Peter Rhodes on banning painkillers, naming babies and where to expect the arrival of herd immunity

Read the latest column from Peter Rhodes.

Herd immunity
Herd immunity

Rejoice, for according to one group of researchers, today is the day that Britain achieves herd immunity against Covid 19.

Herd immunity is the protection from infection that a population gets when a certain proportion of folk is immune through vaccination, natural resistance or previous infection.

Two caveats. Firstly, the Government does not believe we are at herd-immunity levels just yet. Secondly, don't expect it to happen everywhere at the same time.

In the United States, for example, I reckon the first city to get herd immunity will be Buffalo. In England, Cowes.

It was a bit harsh for one national newspaper to lambaste “clueless tourists” for mobbing a walrus near Tenby, Wales.

This poor, lost creature would have been virtually ignored but for the avalanche of media coverage about it.

And while we may like to believe there was a gentler age when decent, restrained Brits would have treated the creature with respect, history tells us otherwise.

In his 1884 poem, The Famous Tay Whale, William McGonagall, (regarded by some as the worst poet of all time) reports: “Then the people together in crowds did run / Resolved to capture the whale and to have some fun!”

The “fun” included repeatedly harpooning the creature in the River Tay and then putting its battered body on show to the public.

Truth is, we have never really deserved our reputation as a nation of animal lovers and the best way to protect hopelessly lost rare creatures is to keep very, very quiet about them.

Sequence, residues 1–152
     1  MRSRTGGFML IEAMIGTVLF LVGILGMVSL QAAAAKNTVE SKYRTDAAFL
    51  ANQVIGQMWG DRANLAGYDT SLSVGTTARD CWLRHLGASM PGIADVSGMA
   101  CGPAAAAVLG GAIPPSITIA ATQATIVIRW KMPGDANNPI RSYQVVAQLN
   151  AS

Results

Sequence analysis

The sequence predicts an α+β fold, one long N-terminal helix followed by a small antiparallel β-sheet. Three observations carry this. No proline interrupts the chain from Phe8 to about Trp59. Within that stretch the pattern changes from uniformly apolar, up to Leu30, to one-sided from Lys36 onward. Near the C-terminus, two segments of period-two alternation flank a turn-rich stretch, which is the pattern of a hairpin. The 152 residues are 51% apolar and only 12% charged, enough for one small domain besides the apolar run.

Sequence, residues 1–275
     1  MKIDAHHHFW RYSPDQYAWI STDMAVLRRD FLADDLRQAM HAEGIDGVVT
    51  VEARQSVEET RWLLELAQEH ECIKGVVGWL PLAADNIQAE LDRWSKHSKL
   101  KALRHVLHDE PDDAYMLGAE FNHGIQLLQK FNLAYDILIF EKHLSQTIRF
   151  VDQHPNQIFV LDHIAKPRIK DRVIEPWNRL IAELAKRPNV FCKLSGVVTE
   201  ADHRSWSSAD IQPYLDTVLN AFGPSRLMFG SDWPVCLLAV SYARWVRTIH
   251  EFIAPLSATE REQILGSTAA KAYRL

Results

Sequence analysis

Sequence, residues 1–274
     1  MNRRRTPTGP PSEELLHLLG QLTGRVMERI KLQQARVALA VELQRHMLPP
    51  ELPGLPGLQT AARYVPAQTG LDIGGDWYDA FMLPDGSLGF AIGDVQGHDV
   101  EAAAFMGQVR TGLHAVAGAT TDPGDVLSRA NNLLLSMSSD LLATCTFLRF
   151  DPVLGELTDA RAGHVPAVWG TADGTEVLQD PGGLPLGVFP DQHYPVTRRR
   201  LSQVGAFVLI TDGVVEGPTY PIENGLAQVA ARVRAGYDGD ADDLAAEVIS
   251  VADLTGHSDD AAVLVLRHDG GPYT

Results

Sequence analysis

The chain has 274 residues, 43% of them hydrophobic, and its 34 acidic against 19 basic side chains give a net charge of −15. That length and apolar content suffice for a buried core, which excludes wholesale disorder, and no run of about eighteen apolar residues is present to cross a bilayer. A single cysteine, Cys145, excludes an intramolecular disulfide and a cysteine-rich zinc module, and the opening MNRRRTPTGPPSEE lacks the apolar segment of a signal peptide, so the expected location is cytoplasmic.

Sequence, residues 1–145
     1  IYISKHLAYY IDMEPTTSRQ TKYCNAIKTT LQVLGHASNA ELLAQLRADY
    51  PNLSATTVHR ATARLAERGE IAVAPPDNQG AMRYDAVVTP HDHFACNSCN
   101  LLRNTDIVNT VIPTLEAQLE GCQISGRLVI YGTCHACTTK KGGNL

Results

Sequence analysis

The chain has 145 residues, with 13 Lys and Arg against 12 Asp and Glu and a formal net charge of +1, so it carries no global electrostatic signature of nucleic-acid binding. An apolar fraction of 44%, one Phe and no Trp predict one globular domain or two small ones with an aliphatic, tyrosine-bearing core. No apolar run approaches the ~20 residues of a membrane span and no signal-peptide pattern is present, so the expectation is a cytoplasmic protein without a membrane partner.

I cannot be the only one raising an eyebrow at Nice, the National Institute for Health and Care Excellence suggesting that people suffering from long-term pain with no known cause should not be prescribed painkillers.

Instead, Nice suggests they should be offered exercise, talking therapies and acupuncture instead.

From my limited experience, the clue is in the name. The great thing about painkillers is that they kill pain.

And I'm not sure how most patients would react if their GP suggested the correct treatment for years-long pain is a brisk walk in the park followed by a nice chat with a counsellor.

Of course, the appalling opioid epidemic in the States is a dire warning of where over-prescribing can lead. But withdrawing relief from people who believe they need it?

This is surely going to end in tragedy.

In Today (Radio 4) Nick Robinson made a valiant effort to get Sinn Fein to accept even the tiniest shred of responsibility for the latest riots in Northern Ireland. Not a hope.

Half a century may have passed but everyone in Ulster is still blaming the same people. The other lot.

I suggested recently that, when it comes to naming babies, rich folk had a taste for unusual forenames.

A reader recalls a mother who entered a shop with her lad who immediately grabbed a packet of crisps.

“Put that back, 'Attersley!” she yelled.

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